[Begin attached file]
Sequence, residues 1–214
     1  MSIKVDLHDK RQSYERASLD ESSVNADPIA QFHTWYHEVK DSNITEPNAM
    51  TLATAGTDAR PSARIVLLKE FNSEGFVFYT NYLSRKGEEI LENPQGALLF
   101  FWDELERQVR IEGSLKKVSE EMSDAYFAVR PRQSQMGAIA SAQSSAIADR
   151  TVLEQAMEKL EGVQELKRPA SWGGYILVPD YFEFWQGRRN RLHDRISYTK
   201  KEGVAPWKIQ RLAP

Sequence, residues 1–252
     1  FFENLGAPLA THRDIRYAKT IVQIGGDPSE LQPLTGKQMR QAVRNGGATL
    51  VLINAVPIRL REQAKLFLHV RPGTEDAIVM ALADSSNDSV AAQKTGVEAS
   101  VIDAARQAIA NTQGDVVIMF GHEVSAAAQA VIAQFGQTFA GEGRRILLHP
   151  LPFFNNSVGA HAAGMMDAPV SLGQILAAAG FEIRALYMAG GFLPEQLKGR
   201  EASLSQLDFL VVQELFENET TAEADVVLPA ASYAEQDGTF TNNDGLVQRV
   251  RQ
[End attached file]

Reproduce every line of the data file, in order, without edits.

Sequence, residues 1–214
     1  MSIKVDLHDK RQSYERASLD ESSVNADPIA QFHTWYHEVK DSNITEPNAM
    51  TLATAGTDAR PSARIVLLKE FNSEGFVFYT NYLSRKGEEI LENPQGALLF
   101  FWDELERQVR IEGSLKKVSE EMSDAYFAVR PRQSQMGAIA SAQSSAIADR
   151  TVLEQAMEKL EGVQELKRPA SWGGYILVPD YFEFWQGRRN RLHDRISYTK
   201  KEGVAPWKIQ RLAP

Sequence, residues 1–252
     1  FFENLGAPLA THRDIRYAKT IVQIGGDPSE LQPLTGKQMR QAVRNGGATL
    51  VLINAVPIRL REQAKLFLHV RPGTEDAIVM ALADSSNDSV AAQKTGVEAS
   101  VIDAARQAIA NTQGDVVIMF GHEVSAAAQA VIAQFGQTFA GEGRRILLHP
   151  LPFFNNSVGA HAAGMMDAPV SLGQILAAAG FEIRALYMAG GFLPEQLKGR
   201  EASLSQLDFL VVQELFENET TAEADVVLPA ASYAEQDGTF TNNDGLVQRV
   251  RQ